Veteran platform engineers share lessons learned, wish lists

Platform engineering is the new DevOps, but few companies have reached maturity; reps from early adopter orgs shared tips, caveats and a call to action at KubeCon.

CHICAGO -- Platform engineering maturity has become the aspiration of many DevOps shops, but most organizations remain stymied at a low rate of adoption for internal platforms.

Platform engineering is the practice of providing internal self-service platforms for application developers that hide the complexity of cloud-native infrastructure. It has largely replaced the notion of the full-stack DevOps engineer who is tasked with all aspects of building and running an application in production. Instead, platform engineering evolved as IT skills shortages revealed the flaws in the "you build it, you own it" concept, and had its unofficial coming-out party a year ago.

While platform engineering offers a more pragmatic path forward for companies where developers must quickly ship code to ever-more-complex infrastructure, it has its own stumbling blocks. At this year's KubeCon + CloudNativeCon, experienced platform engineers from early adopter companies such as Intuit, American Airlines, Adobe and Expedia described the benefits they've reaped from platform engineering, as well as the ways they have overcome its challenges.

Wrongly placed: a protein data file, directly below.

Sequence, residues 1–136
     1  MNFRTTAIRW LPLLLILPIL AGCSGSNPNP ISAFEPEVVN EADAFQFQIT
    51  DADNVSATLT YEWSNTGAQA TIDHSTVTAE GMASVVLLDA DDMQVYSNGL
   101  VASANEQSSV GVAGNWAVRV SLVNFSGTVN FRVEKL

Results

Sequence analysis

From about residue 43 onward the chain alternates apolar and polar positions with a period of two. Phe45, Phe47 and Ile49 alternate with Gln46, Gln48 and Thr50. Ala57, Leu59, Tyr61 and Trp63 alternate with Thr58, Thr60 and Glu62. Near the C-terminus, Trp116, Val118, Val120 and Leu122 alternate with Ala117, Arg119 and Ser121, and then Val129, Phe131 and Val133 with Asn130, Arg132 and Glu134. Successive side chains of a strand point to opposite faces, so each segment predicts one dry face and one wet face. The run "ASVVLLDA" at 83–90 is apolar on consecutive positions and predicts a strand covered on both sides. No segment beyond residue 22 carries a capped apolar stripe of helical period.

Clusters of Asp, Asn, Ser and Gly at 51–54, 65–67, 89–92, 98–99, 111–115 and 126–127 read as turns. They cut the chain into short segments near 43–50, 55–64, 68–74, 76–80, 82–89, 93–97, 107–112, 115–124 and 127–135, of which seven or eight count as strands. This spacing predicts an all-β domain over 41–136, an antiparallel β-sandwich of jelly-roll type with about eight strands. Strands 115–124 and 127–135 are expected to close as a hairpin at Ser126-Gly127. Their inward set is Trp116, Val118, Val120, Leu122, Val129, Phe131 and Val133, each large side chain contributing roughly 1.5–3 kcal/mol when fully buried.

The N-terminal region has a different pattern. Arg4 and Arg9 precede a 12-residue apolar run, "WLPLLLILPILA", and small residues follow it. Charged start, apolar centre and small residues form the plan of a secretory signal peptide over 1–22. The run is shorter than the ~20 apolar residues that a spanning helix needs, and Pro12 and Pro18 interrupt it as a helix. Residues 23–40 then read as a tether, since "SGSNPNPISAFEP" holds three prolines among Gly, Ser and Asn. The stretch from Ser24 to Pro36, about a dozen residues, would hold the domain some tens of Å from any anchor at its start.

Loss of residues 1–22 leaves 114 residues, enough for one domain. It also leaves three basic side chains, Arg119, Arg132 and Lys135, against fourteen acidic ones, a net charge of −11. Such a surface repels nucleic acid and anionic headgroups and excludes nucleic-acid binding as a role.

The benefits discussed by platform engineers at companies such as American Airlines, which built its Runway internal platform over the last two years, included improved compliance and security, fewer duplicated efforts and more cohesive infrastructure management. The platform also led to a more consistent and efficient developer experience for the airline.

"The end goal and the benefit is to make our developers' lives easier through self-service and automation through a single platform, and not make them jump between multiple platforms to get their work done," said Karl Haworth, architect of the developer accelerator product group at the airline, in an interview during the conference this month. "Before Runway, developers told us it could take months to get an application to one of our cloud partners, and we reduced that to about 20 minutes, with security built in."